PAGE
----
Florida Governor Ron DeSantis took steps to ease the voting process in Republican strongholds after the hurricane that swept through the state 2 weeks ago caused extensive property damage. Hurricane Ian made landfall in southwestern Florida on September 28.
The near-Category 5 storm left over 100 dead and Ron DeSantis relied on some of his powers to waive election laws in counties that were devastated as Hurricane Ian slammed into Florida, and even as residents continue to grapple with far-reaching disruptions and damage.
It is noteworthy that Ron DeSantis has agreed to waive state laws only in the Republican strongholds of Lee, Sarasota, and Charlotte which has enabled officials to extend voting days, consolidate the polling spots, and enable voters to use mail-in ballots.
In a press conference at Cape Coral, located in the southwest region of the state, Ron DeSantis said that he has made reasonable accommodations to allow voters to participate in the election process in November.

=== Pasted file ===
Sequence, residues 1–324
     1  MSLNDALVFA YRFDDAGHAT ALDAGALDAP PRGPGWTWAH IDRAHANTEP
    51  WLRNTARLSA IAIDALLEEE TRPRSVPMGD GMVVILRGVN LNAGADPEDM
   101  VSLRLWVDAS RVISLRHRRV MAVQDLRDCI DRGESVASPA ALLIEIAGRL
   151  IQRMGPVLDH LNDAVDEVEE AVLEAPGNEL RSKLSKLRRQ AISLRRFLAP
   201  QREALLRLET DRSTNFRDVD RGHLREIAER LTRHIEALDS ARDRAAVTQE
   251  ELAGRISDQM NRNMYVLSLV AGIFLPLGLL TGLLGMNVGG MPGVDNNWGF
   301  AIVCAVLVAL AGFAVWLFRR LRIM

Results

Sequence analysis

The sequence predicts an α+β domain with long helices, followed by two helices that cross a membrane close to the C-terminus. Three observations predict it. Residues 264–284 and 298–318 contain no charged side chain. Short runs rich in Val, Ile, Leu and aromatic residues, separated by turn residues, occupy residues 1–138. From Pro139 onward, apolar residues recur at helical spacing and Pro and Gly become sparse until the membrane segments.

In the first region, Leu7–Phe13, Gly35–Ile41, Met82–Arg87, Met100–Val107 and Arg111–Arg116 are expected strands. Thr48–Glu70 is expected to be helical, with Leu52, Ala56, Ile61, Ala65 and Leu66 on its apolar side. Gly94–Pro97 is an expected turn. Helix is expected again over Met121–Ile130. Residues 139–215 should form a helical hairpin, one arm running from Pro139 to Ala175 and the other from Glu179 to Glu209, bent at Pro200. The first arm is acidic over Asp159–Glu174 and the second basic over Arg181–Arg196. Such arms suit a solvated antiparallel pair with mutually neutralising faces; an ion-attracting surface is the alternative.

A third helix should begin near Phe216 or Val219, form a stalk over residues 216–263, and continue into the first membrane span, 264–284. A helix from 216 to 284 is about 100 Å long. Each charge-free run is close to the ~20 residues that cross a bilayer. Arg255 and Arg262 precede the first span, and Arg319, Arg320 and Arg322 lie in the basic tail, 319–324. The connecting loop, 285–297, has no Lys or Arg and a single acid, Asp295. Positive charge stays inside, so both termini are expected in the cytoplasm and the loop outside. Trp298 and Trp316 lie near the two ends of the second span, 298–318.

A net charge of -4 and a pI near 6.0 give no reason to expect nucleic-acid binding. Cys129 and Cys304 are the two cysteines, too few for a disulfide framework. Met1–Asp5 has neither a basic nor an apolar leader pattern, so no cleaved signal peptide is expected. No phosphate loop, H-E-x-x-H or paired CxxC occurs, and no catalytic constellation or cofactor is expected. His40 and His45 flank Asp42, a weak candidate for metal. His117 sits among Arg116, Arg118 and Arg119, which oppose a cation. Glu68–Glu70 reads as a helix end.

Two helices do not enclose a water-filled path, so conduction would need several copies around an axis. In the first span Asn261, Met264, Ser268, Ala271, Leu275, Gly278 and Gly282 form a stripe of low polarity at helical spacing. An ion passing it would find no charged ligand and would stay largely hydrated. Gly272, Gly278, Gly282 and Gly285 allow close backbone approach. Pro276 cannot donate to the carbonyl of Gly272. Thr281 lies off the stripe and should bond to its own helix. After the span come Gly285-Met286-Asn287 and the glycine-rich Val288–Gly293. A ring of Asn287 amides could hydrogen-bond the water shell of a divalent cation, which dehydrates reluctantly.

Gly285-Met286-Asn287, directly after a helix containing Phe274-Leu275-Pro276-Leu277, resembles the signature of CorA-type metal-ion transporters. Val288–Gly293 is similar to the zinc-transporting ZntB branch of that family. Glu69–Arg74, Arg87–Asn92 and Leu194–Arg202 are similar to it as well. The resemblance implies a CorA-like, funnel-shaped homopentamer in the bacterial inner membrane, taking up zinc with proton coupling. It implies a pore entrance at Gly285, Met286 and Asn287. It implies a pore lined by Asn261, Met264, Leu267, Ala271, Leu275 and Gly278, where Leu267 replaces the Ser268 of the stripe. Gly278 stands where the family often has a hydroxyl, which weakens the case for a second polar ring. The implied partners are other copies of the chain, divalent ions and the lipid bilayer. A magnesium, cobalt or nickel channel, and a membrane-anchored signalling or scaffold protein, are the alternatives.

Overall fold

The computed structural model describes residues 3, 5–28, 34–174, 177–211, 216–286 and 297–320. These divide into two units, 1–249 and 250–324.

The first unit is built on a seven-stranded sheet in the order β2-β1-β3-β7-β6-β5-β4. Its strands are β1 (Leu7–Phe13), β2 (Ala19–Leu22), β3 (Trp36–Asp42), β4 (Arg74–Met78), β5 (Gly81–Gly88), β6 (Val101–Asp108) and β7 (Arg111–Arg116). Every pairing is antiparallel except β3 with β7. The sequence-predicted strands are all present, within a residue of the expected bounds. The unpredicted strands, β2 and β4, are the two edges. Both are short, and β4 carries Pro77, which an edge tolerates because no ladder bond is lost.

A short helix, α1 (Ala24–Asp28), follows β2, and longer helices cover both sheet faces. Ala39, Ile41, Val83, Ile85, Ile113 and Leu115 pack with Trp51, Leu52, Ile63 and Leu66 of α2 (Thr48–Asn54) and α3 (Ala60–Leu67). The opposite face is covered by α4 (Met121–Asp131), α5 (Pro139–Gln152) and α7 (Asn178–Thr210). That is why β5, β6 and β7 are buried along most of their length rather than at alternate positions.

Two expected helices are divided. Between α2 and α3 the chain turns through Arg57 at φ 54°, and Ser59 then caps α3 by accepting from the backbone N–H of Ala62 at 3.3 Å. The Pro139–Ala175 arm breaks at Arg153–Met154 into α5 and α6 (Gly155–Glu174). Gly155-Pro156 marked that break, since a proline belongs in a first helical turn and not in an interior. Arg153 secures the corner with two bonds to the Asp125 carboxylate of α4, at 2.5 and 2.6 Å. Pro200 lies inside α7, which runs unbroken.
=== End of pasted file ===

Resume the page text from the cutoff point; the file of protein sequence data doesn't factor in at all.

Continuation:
Ron DeSantis To Set Up Super Voting Centers In The Three Counties
But Ron DeSantis stated that there remained rules in place for those who wanted to vote by sending their ballot to another address. He has stated that voters need to provide a foolproof identity. The 3 counties have 45% of the 1 million voters registered as GOP members.
DeSantis barely edged past Andrew Gillum of the Democratic Party in the 2018 elections and Lee County alone provide him a 62,000 margin. But this year he leads Charlie Crist of the Democratic Party both in money and voter support.
Ron DeSantis has also given executive orders that would allow election supervisors to set up what he has termed as ‘super-voting centers’ in place of polling centers in specific precincts.
Early, or advance voting, which is mandated to be closed on the Sunday preceding Election Day will be extended till November 8, which is on Tuesday. The orders will also allow election supervisors to shift drop boxes from predetermined locations.
The orders have also led to the suspension of several rules to be followed by poll workers. But restricting the orders to Republican-controlled counties has drawn intense criticism.